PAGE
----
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Joost Batenburg about AI Leiden style: 3D images and ensuring AI belongs to everyone

Joost Batenburg is a mathematician and computer scientist who works to build bridges to other disciplines. He hopes to bring intelligent software to fields where it can make a difference. Conversely, he also seeks connections to the disciplines that are needed to make AI a success.

Take the legal sector. Batenburg: ‘AI makes it possible to quickly search through legal texts and put together smart contracts. At the same time, you still need legal and ethical experts to check that our rules and regulations are strong enough to keep all these technical possibilities on the right track.’

Joost Batenburg, Professor of Imaging and Visualisation, and bridge builder within SAILS


'I want AI not only to make the government more efficient, but also to help citizens'

One problem in AI is that the focus often lies on what is technically possible, with too little attention for interaction with humans, says Batenburg. ‘Our society is becoming increasingly data driven. Systems are becoming more business-like. Citizens get municipal letters written by a computer. I want AI not only to make the government more efficient, but also to help citizens. I want the whole population to see the opportunities of AI, that no one need be afraid of it. This is a good challenge for our university because we – also in collaboration with partners in Zuid-Holland such as Delft University of Technology and Erasmus University Rotterdam – already do so much research on the legal and ethical aspects of AI.’

Great potential for looking inside objects

Leiden is well-known for computational imaging, the branch of artificial intelligence that includes things like robotics. ‘This form of AI can, for example, recognise people on camera images and photographs; the kind of software Google uses to distinguish images. This technology also has great potential for looking inside objects, which is something we work on a lot at Leiden University. Ariane Briegel uses it to look inside cells, and Boudewijn Lelieveldt inside his patients.’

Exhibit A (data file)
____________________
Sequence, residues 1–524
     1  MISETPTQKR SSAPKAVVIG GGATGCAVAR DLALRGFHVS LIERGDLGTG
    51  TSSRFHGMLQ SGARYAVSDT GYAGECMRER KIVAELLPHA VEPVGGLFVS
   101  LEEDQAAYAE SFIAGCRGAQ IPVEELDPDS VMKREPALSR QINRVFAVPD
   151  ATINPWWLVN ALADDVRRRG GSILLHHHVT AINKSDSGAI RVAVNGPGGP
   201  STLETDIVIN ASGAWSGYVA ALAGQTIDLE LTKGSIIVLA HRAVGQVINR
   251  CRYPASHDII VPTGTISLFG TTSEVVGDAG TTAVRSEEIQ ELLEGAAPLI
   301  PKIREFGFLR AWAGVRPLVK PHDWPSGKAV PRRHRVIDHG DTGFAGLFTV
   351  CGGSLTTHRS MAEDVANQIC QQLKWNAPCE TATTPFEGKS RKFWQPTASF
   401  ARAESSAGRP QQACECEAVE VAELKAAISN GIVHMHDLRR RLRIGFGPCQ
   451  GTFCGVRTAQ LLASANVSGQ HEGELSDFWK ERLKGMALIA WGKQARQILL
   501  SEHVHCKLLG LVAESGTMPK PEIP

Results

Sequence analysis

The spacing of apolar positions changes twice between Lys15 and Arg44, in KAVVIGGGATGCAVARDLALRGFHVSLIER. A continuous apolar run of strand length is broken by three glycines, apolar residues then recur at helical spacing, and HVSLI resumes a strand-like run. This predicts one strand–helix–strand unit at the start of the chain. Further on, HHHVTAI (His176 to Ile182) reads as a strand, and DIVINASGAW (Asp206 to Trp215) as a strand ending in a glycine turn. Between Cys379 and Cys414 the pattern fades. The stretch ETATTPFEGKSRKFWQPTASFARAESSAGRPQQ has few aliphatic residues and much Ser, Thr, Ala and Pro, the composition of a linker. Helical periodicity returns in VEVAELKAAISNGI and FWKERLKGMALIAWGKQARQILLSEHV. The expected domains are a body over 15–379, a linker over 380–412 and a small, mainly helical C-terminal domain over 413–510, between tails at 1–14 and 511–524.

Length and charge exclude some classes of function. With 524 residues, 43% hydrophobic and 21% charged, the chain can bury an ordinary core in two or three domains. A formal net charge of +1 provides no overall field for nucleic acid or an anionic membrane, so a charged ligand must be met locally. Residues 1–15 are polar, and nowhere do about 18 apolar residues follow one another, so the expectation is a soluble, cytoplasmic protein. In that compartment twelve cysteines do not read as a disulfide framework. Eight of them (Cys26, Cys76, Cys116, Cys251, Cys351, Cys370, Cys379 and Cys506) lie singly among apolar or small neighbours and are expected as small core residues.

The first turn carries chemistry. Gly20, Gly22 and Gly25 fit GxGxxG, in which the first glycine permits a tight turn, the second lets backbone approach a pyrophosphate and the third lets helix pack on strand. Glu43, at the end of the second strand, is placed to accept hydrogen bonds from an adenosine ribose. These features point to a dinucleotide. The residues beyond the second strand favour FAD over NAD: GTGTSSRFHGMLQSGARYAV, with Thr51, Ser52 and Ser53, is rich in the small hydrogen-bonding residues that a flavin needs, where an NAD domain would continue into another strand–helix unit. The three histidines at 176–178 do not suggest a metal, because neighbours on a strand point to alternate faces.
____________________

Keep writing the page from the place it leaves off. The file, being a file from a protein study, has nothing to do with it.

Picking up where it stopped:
Ever smarter scanner

‘Between an MRI scanner taking shots and a doctor studying the resulting image, an image reconstruction programme has been at work. This process of image reconstruction is what my algorithmic research focuses on.’ Joost Batenburg is not only a bridge builder for AI; he also contributes to further improving the technology. 

Artificial intelligence is very suitable for identifying patterns and assessing data in large data sets, like medical scans, says Batenburg. ‘How much air is there in this lung? Is this a tumour or not?’ The next step is to create as complete an image as possible with a minimum of measurements. ‘This makes the process faster and less taxing for the patient. The software that translates the scanner’s measurements into images has to fill in the missing information itself, using known data.’ 

No need to wait for MRI results

Medical scanners may be faster, but they still search for standard patterns in the same way. Batenburg works on creating an algorithm that makes a scanner so smart it can adjust to what it sees in real time. ‘If it sees anything suspicious, it will look more carefully. And it could even do so in real time: if the algorithm becomes so fast it can present 3D images during a scan, an expert can look too and immediately zoom in where necessary, and patients no longer have to wait for MRI results.’

Text: Rianne Lindhout
Photo: Patricia Nauta

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